#030: Will Women Free Sudan?

  • Will Women Free Sudan?   

Undoubtedly, all of Sudan is tired of President Omar Al-Bashir's tyrannical and corrupt administration - but as is said, women are almost always the most tired of all. And today, Sudanese women are sick and tired of being sick and tired.

The current wave of anti-government protests in Sudan sparked in mid-December 2018 and have been marked as the largest and most united effort to oust Al-Bashir from office. Unsurprisingly, the protests have been met with stiff resistance from government forces, with several people killed and many others arrested during the uprisings. Still ongoing, the protests have been remarkable for the major role that women play in online organizing and physically marching against Al-Bashir's government - even in parts of the highly conservative country where women would be discouraged from engaging in such activities. 

According to No To Women Oppression Initiative (a rights organization), "women are now at the forefront of the campaign, often taking to the street in larger numbers than men." Although Sudanese women have had a documented history of activism, the "morality laws" introduced in the 1990s severely curtailed women's rights and often relegated them to the socio-political background of society. Although women have been heavily punished in government crackdowns against protestors (arrested women have reported having their hair cut off, their arms broken, and getting whipped), they refuse to back down. Perhaps, this kind of resilience will earn Sudan its freedom. 

Watch for:"The resistance has manifested itself in different ways. On one Sudanese Facebook group, originally set up to identify cheating husbands, its 340,000 female members try to identify undercover intelligence agents from photographs taken at demonstrations"


  • Grab Her By the Neck

A television presenter on the Vision4 channel in Cameroon has come under fire for providing married men with instructions on how best to physically beat their wives during a fight - suggesting to "grab her by the neck and press on it...the more she talks, the more you press."
Yes, you read that right.

The presenter, Ernest Obama (thankfully, no relation to the Obama you know and love) claims that he was not advocating violence, rather educating viewers on how to 'calm' their wives during a heated argument. According to OECD, 51% of women in Cameroon have been victims of sexual or physical violence from an intimate partner, thus, it is harmful and reckless to be so cavalier (if not supportive) about gender-based violence. At this point in time, neither the Cameroonian National Communications Council nor Vision4 officials have publicly commented on the incident.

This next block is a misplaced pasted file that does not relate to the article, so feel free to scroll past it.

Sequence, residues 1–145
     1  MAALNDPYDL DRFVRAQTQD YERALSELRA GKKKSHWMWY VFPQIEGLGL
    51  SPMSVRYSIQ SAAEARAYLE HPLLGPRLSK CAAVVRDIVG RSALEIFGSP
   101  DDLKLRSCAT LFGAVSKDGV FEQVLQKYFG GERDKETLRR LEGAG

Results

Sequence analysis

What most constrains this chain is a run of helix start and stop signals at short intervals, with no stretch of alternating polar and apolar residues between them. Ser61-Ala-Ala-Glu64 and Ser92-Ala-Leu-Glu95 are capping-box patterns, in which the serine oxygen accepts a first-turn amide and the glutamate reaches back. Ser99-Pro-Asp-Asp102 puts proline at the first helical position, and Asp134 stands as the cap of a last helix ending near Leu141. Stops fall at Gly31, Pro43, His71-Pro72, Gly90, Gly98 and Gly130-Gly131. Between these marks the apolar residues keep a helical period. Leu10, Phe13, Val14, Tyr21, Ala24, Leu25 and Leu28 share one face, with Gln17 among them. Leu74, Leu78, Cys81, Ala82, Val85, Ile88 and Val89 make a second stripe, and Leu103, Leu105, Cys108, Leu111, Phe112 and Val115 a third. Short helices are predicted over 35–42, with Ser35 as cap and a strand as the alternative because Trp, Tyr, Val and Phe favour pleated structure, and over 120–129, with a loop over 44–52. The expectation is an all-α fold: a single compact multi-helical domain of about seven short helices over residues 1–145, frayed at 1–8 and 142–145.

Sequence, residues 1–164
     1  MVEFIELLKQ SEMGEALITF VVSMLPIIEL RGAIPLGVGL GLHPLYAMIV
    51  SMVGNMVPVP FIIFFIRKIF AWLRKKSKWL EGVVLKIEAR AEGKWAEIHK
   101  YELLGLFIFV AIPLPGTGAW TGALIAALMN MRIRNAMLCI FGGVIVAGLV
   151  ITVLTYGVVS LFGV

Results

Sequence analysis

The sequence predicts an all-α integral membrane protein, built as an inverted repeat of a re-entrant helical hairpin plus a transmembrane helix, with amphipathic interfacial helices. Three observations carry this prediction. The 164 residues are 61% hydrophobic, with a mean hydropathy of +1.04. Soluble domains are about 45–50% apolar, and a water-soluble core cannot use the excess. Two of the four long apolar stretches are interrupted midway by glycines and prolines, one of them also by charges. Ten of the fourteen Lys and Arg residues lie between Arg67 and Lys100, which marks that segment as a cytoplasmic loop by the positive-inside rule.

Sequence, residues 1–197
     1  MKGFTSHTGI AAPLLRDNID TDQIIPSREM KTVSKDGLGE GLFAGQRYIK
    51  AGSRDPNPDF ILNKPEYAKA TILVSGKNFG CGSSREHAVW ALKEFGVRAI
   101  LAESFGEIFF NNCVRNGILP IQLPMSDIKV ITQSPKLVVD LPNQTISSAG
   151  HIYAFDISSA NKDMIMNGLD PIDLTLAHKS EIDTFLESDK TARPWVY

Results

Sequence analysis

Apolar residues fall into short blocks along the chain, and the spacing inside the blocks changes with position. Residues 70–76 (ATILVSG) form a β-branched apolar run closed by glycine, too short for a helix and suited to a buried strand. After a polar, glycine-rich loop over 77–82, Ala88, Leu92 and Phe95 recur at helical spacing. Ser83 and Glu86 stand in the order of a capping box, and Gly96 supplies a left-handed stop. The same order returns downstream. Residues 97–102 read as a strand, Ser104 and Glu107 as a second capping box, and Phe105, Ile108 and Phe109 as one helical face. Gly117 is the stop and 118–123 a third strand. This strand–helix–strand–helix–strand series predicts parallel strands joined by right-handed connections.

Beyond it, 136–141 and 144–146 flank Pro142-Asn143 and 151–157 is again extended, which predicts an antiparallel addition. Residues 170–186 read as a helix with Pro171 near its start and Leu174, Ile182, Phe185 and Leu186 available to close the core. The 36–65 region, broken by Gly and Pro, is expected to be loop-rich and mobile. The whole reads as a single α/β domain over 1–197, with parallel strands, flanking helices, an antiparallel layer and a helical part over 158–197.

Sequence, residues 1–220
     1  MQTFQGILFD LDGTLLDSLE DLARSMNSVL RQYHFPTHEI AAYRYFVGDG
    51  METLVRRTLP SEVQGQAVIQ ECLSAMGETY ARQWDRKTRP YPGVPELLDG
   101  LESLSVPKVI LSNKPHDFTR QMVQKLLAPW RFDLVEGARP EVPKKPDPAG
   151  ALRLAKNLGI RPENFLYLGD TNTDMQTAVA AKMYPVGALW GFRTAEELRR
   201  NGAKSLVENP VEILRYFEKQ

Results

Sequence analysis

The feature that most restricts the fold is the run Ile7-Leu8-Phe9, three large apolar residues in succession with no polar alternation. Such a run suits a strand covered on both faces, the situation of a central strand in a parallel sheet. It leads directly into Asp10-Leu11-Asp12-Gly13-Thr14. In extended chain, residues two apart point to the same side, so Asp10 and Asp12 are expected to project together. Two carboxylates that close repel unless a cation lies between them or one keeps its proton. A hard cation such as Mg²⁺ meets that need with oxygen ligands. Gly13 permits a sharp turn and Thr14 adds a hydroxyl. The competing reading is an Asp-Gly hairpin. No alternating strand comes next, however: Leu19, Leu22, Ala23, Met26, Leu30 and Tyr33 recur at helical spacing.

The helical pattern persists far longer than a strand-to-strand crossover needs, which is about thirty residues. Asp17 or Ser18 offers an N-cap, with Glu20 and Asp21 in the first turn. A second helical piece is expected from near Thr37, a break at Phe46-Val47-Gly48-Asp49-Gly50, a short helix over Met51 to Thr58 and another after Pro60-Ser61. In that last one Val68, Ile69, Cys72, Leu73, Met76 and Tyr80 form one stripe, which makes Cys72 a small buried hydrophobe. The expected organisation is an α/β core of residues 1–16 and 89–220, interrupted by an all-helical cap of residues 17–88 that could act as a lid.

Read for:  "'My colleague talked about what one should do in case a woman grabs you by the balls, he suggested giving her a violent punch. I said ... you should maybe rather hit her somewhere where it hurts less and which will not leave traces.'"


  • Egypt Does It Again

Here's another one from Egypt: the country banned famous singer, Sherine Abdel-Wahab, from performing in the country because she allegedly commented that Egypt lacks respect for freedom of speech.

Again, to clarify: in order to punish her for "misrepresenting" the country's respect for freedom of speech, she is banned from publicly performing... there's no need to write a joke here, because it writes itself. Reportedly, a pro-government lawyer filed the complaint against her and accused her of "insulting Egypt and and inviting suspicious groups to interfere in Egypt's affairs". 

Surely, someone can find more challenging work for Egypt's "pro-government" lawyers...

Read for:"'I am very tired. I made a mistake. I am sorry. I appeal the president of the Arab Republic of Egypt, who is our father. I feel that I was persecuted. I did nothing. I love Egypt.'"


  • Changing Laws

In 2016, Tanzanian lawyer Rebeca Gyumi was finally equipped to tackle a subject she had been passionate about since childhood - child marriage laws. The Tanzanian 1971 Law of Marriage Act held the legal age of marriage for boys at 18, but for girls at 14. Tanzania has a child marriage rate of 37% (one of the highest in the world), which has negative domino effects on the education and long-term employment of women in the country.   

Gyumi and her team challenged the Law of Marriage Act and won. In 2016, the Tanzanian High Court declared the female legal age of marriage unconstitutional and raised the age to 18. Although the government appealed the decision in 2018 (the case is back in court with a verdict soon due), the landmark ruling was welcomed across the country and further signals that women's rights and protections will henceforth be fiercely sought after and protected. 

Read for:"'It will look really bad on the government if they win [the appeal]. There is no victory in winning a case that allows girls to get married younger. It's not a victory a country can be proud of.'"


CAPE TO CAPEThe Malagasy Mums saving each other from a taboo conditionThe three Burundian schools girls who were arrested after allegedly doodling on the President's picture in a textbook have now been freed after local and international outcry; Local activists in Namibia are organizing the country's very first Slut Shame Walk in Windhoek to protest rape culture and victim blaming.

You Should Know

  • Cambridge Core: Spatial Politics and Gendered Strategies: Women Traders and Institutions in Oke Arin Market, Lagos

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Nneoma Nwankwo